Central African Republic in detail


Although stone tools provide evidence of human life from 6000 BC, the most notable ancients resided around present-day Bouar some 2500 years ago. Little is known about them, though it must have been a highly organised civilisation because it left behind about 70 groups of megaliths, some weighing three or four tonnes. The country's present cultures most likely arrived in the 15th century, probably fleeing Arab slave traders, but by the 18th century they, too, were sending their captives across the Sahara to markets in Egypt or down the Congo River to the Atlantic Ocean. This industry, which didn't completely end until 1912, decimated entire cultures and largely depopulated the eastern half of the country.

Colonial Days

France launched into CAR in 1885, finding a shattered society rich in agricultural potential and under the rule of Sudanese-born Sultan Rabah. France killed Rabah in 1900 and soon after consolidated its control of the country, which it divided into 17 parts that were offered to European companies in exchange for a fixed annual payment plus 15% of agricultural profits. Vast cotton, coffee and tobacco plantations were established and worked by an often brutally conscripted local population. The labourers resisted for decades, but opposition was eventually broken through a combination of French military action, famine and severe smallpox epidemics.

The first signs of nationalism sprang up after WWII via Barthélemy Boganda's Mouvement d'Evolution Sociale de l'Afrique Noire (Movement for the Social Evolution of Black Africa). In 1960, a year after Boganda was killed in a suspicious plane crash, his party forced the French to grant independence.


The leadership was taken over by David Dacko, who became the country's first president. Dacko's rule quickly became repressive and dictatorial and in 1966 he was overthrown by an army commander and close relative, Jean-Bédel Bokassa, kicking off 13 years of one of the most brutal regimes Africa has ever experienced. In one instance Bokassa reportedly ordered the killing (some claim he participated) of schoolchildren who protested against expensive mandatory school uniforms made by a company owned by his wife.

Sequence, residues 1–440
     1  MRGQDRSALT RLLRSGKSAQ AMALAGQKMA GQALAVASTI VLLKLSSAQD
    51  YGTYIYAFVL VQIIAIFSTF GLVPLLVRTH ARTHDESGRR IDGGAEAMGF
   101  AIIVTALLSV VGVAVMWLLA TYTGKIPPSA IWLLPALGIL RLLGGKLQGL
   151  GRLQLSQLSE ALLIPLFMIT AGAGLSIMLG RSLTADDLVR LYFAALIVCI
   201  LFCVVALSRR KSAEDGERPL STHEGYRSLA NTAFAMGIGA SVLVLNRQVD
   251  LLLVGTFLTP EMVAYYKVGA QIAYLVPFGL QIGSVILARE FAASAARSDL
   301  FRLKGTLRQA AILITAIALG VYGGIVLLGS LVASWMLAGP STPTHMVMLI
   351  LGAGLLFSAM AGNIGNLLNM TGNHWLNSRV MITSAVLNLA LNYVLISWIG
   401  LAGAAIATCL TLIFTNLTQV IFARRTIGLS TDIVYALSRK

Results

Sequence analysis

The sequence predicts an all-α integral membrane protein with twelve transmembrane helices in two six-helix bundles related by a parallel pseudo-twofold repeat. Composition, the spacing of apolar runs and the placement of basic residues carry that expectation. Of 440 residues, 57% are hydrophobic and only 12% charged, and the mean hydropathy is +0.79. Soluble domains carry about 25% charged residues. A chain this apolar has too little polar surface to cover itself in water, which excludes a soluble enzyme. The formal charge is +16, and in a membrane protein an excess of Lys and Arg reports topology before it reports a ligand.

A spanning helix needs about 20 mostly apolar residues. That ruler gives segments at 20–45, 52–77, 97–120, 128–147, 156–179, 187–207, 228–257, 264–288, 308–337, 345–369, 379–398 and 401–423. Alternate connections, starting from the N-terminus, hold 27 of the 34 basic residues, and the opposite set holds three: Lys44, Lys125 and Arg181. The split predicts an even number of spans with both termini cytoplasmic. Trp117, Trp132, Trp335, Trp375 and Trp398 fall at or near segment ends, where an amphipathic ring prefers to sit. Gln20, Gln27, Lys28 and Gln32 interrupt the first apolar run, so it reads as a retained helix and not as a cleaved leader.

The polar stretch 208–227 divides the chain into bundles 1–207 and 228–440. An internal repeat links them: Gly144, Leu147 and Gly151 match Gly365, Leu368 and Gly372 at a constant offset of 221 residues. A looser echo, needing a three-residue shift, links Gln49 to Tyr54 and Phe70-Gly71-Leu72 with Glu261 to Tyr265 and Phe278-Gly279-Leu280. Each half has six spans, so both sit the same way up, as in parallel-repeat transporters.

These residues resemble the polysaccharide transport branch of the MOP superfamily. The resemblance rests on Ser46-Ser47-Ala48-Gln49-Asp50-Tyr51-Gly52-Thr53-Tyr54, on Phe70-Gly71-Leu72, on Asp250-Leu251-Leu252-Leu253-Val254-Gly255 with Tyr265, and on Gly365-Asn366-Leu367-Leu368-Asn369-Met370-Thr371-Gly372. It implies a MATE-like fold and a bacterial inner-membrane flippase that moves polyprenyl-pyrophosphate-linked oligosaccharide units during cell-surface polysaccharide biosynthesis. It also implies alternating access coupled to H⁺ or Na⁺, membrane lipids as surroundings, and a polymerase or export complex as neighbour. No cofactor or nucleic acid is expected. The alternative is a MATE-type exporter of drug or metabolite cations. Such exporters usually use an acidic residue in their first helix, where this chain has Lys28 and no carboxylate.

France, coveting the uranium deposits at Bakouma and the abundant big-game hunting grounds near the Sudan border (personally sponsored by the former French president, Valéry Giscard d'Estaing), supported Bokassa and bailed out his floundering economy. Using the country's mineral resources as carrots, Bokassa also negotiated loans from South Africa and private US banks. He then squandered virtually all of this money. His final fantasy was to have himself crowned 'emperor' of a renamed Central African Empire in 1977. Despite the worldwide derision, France helped to fund much of his coronation's price tag of more than US$20 million.

Such excess, together with the out-of-control violence, made Bokassa an embarrassment to his backers. In 1979, France abruptly cut off aid to the 'empire' and, while Bokassa was in Libya seeking still more funds, flew in former president David Dacko together with an undercover French commando squad, special forces and at least 300 French troops. Dacko did no better this time around and was overthrown again in 1981 and replaced by André Kolingba, who in 1986 created a one-party state that was also widely seen as corrupt. At this point Bokassa popped up again, but was promptly convicted of treason, murder and, for good measure, cannibalism, and sentenced to death. This was changed to life imprisonment and he was confined to the palace he'd constructed at Berengo.